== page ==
Inland Empire Office Demand Stagnates, Medical Office Leasing Remains Strong


Seven tenants occupy the 12,453-square-foot Holt Medical Center at 5153 Holt Blvd. in Montclair, Calif.

By Drew Sanden, Senior Managing Director, Newmark

The Inland Empire office market boasted very strong fundamentals heading into 2020. The vacancy rate across the 28.3 million-square-foot base was 9.5 percent, lease rates were reaching peak levels and developers were again exploring larger spec developments. Like many markets across the U.S., COVID-19 has greatly impacted the Inland Empire’s office market. Office usage, demand, absorption and leasing transactions are down year-over-year. Large back-office transaction volume has been the most impacted as companies struggle to manage the social distancing guidelines.

Drew Sanden, Senior Managing Director, Newmark

With that said, the suburban nature of the Inland Empire has helped insulate the office market. The combination of affordable housing (relative to Southern California’s coastal communities) and remote work opportunities have strengthened the overall workforce. This pandemic has acted as an accelerator for the hub-and-spoke trend where companies have larger regional offices in CBDs like Los Angeles and Irvine, while maintaining smaller satellite offices in suburban markets. We’ve seen an influx of small satellite offices in Corona, Ontario, Rancho Cucamonga and Riverside.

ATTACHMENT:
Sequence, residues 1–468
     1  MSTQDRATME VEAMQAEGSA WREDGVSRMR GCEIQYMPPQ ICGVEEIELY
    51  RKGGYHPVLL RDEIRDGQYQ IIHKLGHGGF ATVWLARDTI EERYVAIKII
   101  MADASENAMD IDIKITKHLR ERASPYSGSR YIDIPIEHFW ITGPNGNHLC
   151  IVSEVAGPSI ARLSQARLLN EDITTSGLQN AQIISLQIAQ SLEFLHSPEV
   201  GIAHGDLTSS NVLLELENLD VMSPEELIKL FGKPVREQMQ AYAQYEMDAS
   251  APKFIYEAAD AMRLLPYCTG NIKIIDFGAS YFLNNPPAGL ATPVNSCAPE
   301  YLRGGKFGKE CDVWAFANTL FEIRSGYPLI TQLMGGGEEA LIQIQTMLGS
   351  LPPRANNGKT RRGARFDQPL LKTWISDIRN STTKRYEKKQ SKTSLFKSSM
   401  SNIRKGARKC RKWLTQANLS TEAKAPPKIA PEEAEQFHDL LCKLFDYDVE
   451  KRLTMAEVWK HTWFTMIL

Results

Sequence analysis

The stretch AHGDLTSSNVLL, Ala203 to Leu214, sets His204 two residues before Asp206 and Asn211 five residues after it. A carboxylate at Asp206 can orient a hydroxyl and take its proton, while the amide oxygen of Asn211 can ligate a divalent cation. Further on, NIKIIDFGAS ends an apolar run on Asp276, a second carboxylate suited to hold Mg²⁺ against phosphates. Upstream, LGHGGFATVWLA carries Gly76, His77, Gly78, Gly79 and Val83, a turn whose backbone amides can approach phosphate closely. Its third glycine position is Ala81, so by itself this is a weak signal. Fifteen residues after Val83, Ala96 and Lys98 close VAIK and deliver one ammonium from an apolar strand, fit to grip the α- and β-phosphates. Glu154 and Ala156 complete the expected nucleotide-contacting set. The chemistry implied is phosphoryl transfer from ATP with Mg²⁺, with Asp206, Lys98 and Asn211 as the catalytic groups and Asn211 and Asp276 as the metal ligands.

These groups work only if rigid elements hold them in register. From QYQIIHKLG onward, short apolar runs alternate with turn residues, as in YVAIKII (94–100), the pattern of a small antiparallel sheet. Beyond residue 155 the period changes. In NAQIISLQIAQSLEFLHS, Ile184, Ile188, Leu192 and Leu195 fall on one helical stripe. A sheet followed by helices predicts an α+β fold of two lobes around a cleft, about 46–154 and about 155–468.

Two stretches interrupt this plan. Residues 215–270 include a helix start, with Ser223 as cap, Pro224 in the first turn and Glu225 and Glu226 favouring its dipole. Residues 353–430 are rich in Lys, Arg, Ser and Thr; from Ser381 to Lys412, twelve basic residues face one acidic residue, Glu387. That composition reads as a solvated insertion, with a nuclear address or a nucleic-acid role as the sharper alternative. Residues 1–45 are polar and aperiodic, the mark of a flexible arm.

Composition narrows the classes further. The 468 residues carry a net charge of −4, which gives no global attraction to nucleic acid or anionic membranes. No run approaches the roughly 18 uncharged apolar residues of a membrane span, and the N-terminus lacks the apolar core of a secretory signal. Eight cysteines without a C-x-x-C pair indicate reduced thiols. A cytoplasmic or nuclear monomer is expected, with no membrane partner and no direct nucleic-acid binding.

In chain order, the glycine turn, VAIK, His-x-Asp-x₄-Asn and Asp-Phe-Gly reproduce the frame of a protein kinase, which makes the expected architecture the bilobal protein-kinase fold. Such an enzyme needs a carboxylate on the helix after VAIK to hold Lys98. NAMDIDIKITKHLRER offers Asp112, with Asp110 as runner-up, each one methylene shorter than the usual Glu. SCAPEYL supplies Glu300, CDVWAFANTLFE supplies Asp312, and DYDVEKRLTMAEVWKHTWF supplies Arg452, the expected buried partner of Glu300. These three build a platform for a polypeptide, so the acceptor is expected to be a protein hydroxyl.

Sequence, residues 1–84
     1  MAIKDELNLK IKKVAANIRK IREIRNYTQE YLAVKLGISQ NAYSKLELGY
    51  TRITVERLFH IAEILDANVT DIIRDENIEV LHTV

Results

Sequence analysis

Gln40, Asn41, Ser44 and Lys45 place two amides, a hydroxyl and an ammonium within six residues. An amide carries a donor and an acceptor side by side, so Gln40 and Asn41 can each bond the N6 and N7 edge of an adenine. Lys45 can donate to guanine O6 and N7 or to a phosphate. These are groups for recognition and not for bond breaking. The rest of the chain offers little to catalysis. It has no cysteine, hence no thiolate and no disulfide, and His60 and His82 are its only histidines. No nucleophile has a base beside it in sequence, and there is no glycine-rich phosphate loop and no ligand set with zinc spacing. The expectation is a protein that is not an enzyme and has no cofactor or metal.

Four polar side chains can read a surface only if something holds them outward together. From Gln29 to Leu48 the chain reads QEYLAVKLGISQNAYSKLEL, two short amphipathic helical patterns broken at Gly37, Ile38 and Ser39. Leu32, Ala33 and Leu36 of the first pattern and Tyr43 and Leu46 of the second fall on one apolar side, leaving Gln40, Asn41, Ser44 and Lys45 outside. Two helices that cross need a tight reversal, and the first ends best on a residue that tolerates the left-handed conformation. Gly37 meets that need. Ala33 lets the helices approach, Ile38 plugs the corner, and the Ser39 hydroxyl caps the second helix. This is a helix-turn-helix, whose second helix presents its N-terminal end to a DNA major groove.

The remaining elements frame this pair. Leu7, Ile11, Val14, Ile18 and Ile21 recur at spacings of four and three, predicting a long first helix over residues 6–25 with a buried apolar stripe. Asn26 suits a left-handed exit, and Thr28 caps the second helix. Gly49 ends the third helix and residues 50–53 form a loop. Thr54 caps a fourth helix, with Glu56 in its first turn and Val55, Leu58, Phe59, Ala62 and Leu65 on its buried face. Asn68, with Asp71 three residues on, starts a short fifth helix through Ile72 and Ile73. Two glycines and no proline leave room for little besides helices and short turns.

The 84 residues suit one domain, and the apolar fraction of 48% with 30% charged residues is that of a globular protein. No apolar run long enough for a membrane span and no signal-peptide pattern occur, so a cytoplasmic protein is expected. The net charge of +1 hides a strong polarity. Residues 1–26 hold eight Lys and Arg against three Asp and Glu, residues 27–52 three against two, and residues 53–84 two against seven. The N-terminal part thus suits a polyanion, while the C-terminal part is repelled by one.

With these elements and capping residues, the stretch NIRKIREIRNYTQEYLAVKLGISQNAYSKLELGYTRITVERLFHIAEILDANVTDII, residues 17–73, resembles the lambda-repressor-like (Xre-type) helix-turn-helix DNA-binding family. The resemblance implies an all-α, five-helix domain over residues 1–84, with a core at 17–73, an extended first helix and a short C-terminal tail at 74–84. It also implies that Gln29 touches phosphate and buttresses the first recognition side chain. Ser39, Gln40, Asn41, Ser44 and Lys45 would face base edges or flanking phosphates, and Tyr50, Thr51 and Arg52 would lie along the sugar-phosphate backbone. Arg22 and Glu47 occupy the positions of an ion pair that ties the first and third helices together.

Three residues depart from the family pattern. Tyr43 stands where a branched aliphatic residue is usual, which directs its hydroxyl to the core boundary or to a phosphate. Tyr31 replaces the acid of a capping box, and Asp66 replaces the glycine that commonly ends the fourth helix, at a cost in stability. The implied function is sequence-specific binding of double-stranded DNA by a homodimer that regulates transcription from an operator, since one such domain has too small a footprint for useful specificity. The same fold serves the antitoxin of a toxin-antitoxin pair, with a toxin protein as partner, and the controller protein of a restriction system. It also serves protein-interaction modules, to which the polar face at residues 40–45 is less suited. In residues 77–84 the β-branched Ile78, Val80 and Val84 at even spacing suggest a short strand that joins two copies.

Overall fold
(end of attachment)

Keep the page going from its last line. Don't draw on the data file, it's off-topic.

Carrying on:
Demand for medical office building (MOB) leasing and sales has remained strong. This trend was highlighted with the pre-sale of two medical office buildings at the Rincon in Chino Hills, which was delivered in the second quarter of 2020. The owner-user sales set market highs based upon price per square foot at $385 per square foot. Additional medical condominium projects will be breaking ground soon in surrounding cities.  

Vacancy rates in the Inland Empire office properties have climbed to 10.3 percent, though lease rates have held close to asking for Class A product types, which are currently asking an average of $2.32 per square foot. The most notable concession currently being offered by landlords is flexibility. On transactions with minimal capital outlay, landlords will entertain lease terms as short as 24 months. Leasing demand has remained stagnate for the past several quarters, though conversion rates remain high as in-market prospects appear to be more qualified and focused. Overall, there is optimism surrounding the Inland Empire office market heading into 2021 because of the region’s resilient fundamentals and robust workforce. 

Content Partners
‣ Bohler
‣ Lee & Associates
‣ Lument
‣ NAI Global
‣ Walker & Dunlop

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